"Language and Human Nature" exposes a century's worth of flawed thinking about language, to exhibit some of the dangers it presents, and to suggest a path to recovery. It begins by examining the causes of changes in the English vocabulary. These sometimes take the form of new words, but more often that of new senses for old words. In the course of this examination, Halpern discusses a wide variety of verbal solecisms, vulgarisms, and infelicities generally. His objective is not to deplore such things, but to expose the reasons for their existence, the human traits that generate them.A large part of this book is devoted to contesting the claims of academic linguists to be the only experts in the study of language change. Language is too central to civilized life to be so deeply misunderstood without causing a multitude of troubles throughout our culture. We are currently experiencing such troubles, a number of which are examined here. The exposure of linguists' misunderstandings is not an end in itself, but a necessary first step in recovery from the confusion we are now enmeshed in.The picture of the relationship between words and thoughts that is part of the attempt to deal with language "scientifically" is partly responsible for dangerous cultural developments. The attempt by linguists to treat their subject scientifically makes them view meaning as an irritating complication to be ignored if possible. It turns them into formalists who try to understand language by studying its physical representations, with a resort to semantics only when unavoidable. With words practically stripped of their role as bearers of meaning, it becomes easy to see them as unimportant. Halpern's book is a serious critique of such oversimplified theorizing.
Table of Contents
Introduction to the Transaction Edition
A Preface by Jacques Barzun
Chapter 1: The Question of Change in Language
The root of the confusion: why does language change?
Six common ways in which we change language
Why linguists are champions of change
How linguists account for the usability of language
despite constant change
If linguists approve of all changes, why don’t they
Change versus changes — too subtle a distinction?
Chapter 2: How Language is Studied Today
Building on air: phonology as the basis of ‘linguistic science’
The sound and the fury — does it signify anything?
The demeaning of meaning
The project of modern linguistics: building the Golem
Symptoms of trouble in the Golem project
Are sentences regular components of speech?
Does ambiguity present opportunities for Golem-building?
Is it a virtue in a grammar to be infinitely productive?
Chapter 3: Linguistic Authority: Rules,
Dictionaries, and Teaching
Rules in the classroom
The proper role and use of rules
Orwell’s rules: the exception to the rule?
Dictionaries and usage guides: filling the power vacuum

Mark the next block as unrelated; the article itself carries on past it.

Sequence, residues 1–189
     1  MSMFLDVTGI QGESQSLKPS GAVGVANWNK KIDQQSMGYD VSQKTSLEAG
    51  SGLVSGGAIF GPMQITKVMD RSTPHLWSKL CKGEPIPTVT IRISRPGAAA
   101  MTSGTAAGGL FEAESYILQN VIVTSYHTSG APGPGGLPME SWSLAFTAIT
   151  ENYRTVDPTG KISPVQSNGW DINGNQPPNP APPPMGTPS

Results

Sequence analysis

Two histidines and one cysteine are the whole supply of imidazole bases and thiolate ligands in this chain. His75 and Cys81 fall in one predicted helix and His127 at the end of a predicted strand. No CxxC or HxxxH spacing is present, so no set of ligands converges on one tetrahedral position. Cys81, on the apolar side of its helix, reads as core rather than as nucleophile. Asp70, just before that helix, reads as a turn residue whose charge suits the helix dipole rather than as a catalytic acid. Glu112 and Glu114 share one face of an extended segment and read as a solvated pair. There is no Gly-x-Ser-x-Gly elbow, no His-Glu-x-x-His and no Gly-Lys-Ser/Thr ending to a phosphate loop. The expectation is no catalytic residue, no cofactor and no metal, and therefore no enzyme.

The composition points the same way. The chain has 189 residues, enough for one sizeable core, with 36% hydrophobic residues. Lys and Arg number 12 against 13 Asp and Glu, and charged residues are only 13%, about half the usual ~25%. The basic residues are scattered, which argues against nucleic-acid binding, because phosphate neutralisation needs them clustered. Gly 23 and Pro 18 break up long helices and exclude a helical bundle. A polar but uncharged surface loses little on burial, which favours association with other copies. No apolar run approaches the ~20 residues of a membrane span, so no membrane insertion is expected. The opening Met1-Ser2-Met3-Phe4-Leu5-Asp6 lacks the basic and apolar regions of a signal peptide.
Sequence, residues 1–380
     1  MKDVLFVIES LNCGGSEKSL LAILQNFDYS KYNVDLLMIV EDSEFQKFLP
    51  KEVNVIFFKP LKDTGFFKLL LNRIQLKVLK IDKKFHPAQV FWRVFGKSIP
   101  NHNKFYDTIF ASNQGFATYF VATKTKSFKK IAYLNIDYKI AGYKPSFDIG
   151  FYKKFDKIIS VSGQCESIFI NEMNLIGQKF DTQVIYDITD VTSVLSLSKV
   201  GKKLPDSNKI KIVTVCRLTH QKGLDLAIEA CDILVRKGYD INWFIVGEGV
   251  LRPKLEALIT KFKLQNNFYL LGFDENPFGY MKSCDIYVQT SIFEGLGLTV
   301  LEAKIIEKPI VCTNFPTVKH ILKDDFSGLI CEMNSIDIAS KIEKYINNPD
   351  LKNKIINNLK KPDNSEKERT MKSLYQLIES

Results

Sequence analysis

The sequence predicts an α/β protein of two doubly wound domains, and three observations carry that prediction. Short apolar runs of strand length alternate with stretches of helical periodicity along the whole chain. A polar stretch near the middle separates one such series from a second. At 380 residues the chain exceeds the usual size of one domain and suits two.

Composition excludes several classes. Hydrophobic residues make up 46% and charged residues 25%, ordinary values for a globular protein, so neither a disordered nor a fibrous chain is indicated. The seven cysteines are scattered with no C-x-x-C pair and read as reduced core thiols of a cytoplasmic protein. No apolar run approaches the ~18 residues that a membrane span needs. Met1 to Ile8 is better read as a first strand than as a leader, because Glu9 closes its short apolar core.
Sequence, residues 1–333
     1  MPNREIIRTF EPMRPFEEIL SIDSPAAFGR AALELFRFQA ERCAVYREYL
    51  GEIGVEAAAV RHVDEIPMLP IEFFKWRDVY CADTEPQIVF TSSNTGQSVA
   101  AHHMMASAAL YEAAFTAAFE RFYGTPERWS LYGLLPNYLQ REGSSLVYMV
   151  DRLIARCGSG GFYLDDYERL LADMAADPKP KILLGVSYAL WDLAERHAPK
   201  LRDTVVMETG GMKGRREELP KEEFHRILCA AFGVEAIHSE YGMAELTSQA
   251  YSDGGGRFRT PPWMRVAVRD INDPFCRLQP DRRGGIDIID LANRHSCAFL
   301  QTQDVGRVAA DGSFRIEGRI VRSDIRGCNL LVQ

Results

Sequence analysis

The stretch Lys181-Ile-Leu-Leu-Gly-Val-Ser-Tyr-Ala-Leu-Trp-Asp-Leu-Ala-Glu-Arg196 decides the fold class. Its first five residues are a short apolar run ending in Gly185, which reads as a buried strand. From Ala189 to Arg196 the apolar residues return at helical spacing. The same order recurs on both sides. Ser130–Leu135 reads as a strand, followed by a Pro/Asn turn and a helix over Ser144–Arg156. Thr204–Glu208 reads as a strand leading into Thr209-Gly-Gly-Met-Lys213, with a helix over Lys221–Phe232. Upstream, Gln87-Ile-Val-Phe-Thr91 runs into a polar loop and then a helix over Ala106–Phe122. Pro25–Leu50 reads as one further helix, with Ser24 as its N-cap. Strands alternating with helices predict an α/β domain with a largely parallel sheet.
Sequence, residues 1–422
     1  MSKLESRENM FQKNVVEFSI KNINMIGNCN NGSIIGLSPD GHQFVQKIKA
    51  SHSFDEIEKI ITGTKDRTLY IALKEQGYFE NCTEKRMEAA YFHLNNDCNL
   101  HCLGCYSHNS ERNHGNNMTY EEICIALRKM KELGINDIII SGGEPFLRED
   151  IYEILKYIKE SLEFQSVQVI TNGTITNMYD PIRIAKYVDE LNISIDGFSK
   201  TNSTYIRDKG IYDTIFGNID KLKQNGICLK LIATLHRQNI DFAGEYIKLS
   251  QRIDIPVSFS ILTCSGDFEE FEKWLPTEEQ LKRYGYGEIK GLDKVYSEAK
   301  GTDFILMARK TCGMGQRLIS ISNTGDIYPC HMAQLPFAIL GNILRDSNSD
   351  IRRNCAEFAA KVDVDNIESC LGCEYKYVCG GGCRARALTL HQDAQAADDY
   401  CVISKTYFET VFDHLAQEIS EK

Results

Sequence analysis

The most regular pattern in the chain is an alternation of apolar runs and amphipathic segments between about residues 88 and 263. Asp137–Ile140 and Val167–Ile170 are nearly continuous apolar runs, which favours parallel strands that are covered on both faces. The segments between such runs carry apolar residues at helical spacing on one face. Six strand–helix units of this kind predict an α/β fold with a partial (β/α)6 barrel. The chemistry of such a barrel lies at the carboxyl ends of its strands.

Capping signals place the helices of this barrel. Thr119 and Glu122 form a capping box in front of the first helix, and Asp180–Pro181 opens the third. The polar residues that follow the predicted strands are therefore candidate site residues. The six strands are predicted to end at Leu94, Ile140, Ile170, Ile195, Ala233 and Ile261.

A dialogue with a dictionary editor
The special case of the OED
A step toward rescuing the dictionary
The attack on Roget’s Thesaurus
Chapter 4: Descriptivist, Prescriptivist, and
The descriptivist claims summarized, with a
Linguistic Activist’s replies
On what grounds do descriptivists rule out
prescriptivism — or any other data?
When linguists consent to argue: the
We descriptivists will do all the thinking about language,
Linguists triumph easily over the dead
Prescriptivists & descriptivists: which are the elitists?
Chapter 5: The Eskimo Snow Vocabulary
Controversy — A Case Study
The background of the case
A linguist punctures a myth, at some cost in facts and logic
Metic terms: not all words are created equal
What is a ‘word’? Does it matter?
Need a snow-related term be exclusively
snow-related to count?
Need a rich snow vocabulary subject Eskimos to
Should Eskimos be called ‘Eskimos’?
The facts retaliate by puncturing the linguist
Chapter 6: A Peoples’ Linguistics
A peoples’ linguistics
On becoming a spokesman for The People
Is anyone in charge here? Need anyone be?
The language gang flaunts its colors and fights for its turf
Racism, sexism, and other isms: the fight gets ugly
Chapter 7: Restoring Rhetoric to Its Throne
If it’s not hard to read, it can’t be important:
an apologia for bad writing
Rhetoric and the relation of thought to language
Fixing on the right metaphor
Thinking without words
The anti-rhetorical tradition
The decline of rhetoric and the decline of fiction
Chapter 8: Decadence and Diseases of Language
Two flavors of decadence: hothouses and
When language is no longer a tool for dealing with
reality, but an alternative to it
Language decadence engenders a strange muse
Marrying Ms. Cthulhu
Subverting the subversives: the unspeakable
remarks of Philip Larkin
Denial of objectivity: the first refuge of a scoundrel
Chapter 9: Plagiarism and Misquotation:
the Use of Others’ Thoughts and Words
What is plagiarism? The old rules recapitulated
Using other people’s ideas
Using other people’s written words
Using other people’s spoken words
And is plagiarism so bad, anyway?
A judge’s injudicious view of the matter
What is a quotation? The Masson-Malcolm case
Masson vs. Malcolm in the light of the
Chapter 10: What is To Be Done?
Where will linguists and their projects go?
Who inherits, or reclaims, stewardship of the language?
What principles will the new language stewards adopt?
Sample applications of the principles, with
derivation of secondary rules
What will the world be like when all this is done?
Appendix A: Linguistics as a Science
How did linguistics come to be regarded as a science?
Why linguistics isn’t a science, and won’t become one
Appendix B: Active Eskimo-Language Terms
for Snow and Ice
Appendix C: AI and the Golem project — the
The Golem and the Hidden Entity of the Turing Test:
Some programming language analogues to natural
Appendix D: Notes on Chomsky and the
To learn more about Chomskyan linguistics&n